Artistic Research Projects, highly related in content as well as topic:
Magda Mayas: Orchestrating Timbre (RC, 2019).
Niels Lyhne Løkkegaard: Music for the Inner Ear (RC, 2019).
Marilyn Nonken, “An ecological approach to music perception: stimulus-driven listening and the Complexity Repertoire", (PhD thesis, 1999).
Michael Duch: Free Improvisation – method and genre (RC, 2015).
Søren Kjærgaard: Multi-layeredness in Solo Performance (RC, as of writing still in peer review).
Lotte Anker: Tekstur og formdannelse i komposition for større ensemble af improvisatorer. (in progress)
Steen Sandell: On the Inside of Silence (På insidan av tystnaden). Swedish Doktorant Dissertation, 2013, book + albums. Published on RC: Vertikalakustik med horisontell prosodi (2018).
Magda Mayas, Niels Lyhne Løkkegaard & Lotte Anker all have conducted investigations on sounds and timbre, similar to the ones in this project.
Mayas, investigating extended piano playing techniques, shows how the different techniques can be thought of as elements (”Videos of Inside piano Techniques” on the Introduction page) as well as dealt with in a dimensional/parametrical space (on ”Perceptual Timbre Maps”).
Lyhne, in Music for the Inner Ear, and especially in Anthology of Sound, focusing on imaginary sounds, lists a huge number of sound elements, some including combinations of several describing parameters.
Kjærgaard has, through video documentations of elements in his acoustic solo work, arrived at a meta statement, in which the elements are combined in highly permutated form into a whole new work, the dissemination of a creative practice becoming an art work in itself.
Anker, in the still unpublished “Tekstur og formdannelse i komposition for større ensemble af improvisatorer”, works in a medium sized group setting on clarifying zones for improvising. The zones, very open, yet recognizable, are verbally defined as elements, not unlike the logic in Braxton’s Language music.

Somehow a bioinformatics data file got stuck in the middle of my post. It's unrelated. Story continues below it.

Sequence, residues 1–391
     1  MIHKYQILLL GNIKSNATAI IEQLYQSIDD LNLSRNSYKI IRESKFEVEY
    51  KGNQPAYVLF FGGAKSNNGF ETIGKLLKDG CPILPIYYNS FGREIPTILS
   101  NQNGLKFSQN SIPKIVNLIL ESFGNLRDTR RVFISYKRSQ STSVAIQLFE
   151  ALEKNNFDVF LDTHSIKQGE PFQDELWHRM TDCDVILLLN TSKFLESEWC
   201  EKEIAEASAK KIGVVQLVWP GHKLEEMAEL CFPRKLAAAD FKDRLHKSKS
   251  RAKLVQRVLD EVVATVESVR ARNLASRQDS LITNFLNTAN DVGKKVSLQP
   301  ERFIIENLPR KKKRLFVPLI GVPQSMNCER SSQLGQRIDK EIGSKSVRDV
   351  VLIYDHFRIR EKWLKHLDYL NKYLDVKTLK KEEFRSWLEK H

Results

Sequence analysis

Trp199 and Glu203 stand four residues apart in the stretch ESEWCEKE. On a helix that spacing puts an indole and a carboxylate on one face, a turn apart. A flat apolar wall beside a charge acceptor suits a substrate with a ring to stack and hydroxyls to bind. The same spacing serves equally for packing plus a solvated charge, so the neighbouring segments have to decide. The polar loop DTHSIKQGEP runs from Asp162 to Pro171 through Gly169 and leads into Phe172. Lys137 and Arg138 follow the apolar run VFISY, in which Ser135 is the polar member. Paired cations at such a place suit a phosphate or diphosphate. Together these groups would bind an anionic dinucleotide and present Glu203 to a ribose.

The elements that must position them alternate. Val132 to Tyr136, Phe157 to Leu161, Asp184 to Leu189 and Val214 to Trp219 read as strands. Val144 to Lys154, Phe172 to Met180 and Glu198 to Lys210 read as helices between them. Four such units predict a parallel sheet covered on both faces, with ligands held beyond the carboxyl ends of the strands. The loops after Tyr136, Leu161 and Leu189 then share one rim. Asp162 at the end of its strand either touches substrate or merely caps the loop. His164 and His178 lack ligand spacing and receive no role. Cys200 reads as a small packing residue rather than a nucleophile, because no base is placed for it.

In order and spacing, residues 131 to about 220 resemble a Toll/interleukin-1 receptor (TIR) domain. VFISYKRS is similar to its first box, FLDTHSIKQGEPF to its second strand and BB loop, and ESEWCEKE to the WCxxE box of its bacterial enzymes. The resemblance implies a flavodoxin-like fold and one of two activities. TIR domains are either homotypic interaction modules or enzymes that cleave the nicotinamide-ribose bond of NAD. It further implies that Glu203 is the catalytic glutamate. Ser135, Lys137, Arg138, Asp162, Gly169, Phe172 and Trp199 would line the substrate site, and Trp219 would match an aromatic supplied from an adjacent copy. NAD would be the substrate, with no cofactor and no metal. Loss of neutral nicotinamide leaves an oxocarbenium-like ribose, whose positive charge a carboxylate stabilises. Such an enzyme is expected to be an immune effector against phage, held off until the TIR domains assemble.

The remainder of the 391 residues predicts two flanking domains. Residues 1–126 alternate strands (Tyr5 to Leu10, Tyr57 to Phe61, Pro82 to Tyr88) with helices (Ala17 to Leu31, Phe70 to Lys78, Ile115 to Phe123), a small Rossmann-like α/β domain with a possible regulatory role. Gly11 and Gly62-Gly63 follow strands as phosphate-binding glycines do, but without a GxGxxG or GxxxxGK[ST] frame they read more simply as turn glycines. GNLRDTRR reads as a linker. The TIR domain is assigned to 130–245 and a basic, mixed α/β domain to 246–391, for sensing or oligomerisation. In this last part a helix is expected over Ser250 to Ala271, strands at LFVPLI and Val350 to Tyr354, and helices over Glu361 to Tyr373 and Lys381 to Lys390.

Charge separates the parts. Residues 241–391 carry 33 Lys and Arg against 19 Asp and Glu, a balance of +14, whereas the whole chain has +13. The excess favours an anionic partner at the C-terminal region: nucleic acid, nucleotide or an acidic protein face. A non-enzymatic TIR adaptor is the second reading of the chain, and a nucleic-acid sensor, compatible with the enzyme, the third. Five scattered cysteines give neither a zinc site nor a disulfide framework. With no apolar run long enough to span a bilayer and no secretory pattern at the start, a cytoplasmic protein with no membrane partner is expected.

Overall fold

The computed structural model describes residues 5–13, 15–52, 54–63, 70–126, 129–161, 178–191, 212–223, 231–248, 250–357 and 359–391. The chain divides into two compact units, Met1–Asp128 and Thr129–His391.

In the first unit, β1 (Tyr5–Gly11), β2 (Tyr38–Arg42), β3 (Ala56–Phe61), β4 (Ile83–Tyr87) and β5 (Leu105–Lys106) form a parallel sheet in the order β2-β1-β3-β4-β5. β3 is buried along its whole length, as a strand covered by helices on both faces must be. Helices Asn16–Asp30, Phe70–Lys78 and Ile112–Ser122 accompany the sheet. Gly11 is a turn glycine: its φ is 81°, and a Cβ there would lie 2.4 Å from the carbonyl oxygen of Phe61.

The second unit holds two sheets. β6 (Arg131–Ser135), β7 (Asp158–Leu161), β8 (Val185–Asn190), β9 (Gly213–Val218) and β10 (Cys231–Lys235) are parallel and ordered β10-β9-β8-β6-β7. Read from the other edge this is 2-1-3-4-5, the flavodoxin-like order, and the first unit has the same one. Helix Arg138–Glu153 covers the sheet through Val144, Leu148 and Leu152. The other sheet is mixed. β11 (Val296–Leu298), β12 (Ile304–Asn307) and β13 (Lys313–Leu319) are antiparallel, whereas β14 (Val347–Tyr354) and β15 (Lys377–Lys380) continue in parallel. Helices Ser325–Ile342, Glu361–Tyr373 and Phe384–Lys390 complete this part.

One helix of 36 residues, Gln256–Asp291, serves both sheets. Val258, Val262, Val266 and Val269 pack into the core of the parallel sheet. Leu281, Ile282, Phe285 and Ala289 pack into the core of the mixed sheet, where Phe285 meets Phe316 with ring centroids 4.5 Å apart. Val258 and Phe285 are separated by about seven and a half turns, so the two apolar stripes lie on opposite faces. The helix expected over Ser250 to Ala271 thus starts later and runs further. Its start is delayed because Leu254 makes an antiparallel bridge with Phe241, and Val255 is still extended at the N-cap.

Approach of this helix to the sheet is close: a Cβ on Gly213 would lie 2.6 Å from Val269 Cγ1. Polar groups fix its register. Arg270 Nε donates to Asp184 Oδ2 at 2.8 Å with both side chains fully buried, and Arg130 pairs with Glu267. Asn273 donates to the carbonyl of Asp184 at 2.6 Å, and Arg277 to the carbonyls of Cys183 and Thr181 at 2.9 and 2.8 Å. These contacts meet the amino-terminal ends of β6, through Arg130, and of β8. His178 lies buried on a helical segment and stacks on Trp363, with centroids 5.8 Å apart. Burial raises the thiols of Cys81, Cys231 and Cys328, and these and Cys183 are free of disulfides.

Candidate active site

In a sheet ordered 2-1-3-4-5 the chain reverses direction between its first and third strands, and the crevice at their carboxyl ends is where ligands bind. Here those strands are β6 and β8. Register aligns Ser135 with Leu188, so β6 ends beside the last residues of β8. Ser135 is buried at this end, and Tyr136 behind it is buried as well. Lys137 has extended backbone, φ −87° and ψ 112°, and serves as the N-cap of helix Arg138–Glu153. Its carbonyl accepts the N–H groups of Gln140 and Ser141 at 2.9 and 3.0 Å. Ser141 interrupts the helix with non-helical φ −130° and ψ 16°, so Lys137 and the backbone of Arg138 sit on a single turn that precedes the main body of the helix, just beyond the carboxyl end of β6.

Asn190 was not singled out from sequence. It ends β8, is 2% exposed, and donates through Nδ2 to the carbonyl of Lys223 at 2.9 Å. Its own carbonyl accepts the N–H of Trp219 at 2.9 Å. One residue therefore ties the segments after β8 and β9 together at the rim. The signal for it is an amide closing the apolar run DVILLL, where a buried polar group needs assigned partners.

The direct informedness of this project from the works of Nonken and Braxton has been discussed on the Texture page. Let me reiterate here that of the above mentioned AR projects, only Nonken’s and parts of Mayas’ written reflections address the mapping of not just elements, but also their underlying parameters/dimensions in the mapping of respectively timbre/sound/layers/texture. In any case, all of the above mentioned projects were a huge source of inspiration and information into the project.
Duch’s & Sandell’s projects are also related to this project, especially in terms of their aesthetic (what kind of musical domains were investigated). In very differing ways they share reflections on the meaning and the means of the art work at hand – in Duch’s case, also on a tour of certain traditions of aesthetics. However, their approach to mapping and reflection make them differ quite widely from this project along lines such as what is being mapped during the investigations, and how does the mapping and reflection inform the following actions.
A few additional Artistic Research projects, less related in content or method, though definitely related in topic:
Morten Qvenild: The HyPer(sonal) Piano Project (RC 2019)
Ivar Grydeland: Ensemble & Ensemble of Me (RC 2017)
Also of obvious relevance, though created outside of formalized AR-institutions, are:
- Ingrid Laubroch: Contemporary Chaos Practice,
- the works and process of the ensemble Dell-Lillinger-Westergaard,
- the music and writings of Anthony Braxton,
- Carla Bley’s compositions for the bands of Paul Bley and Jimmy Giuffrie,
- Hermeto Pascoal's compositions for Miles Davis' bands around 1970,
- Morton Feldman’s music after 1970, and
- the 1960’s orchestral works of a.o. György Ligeti, Krzysztof Penderecki & Iannis Xenakis.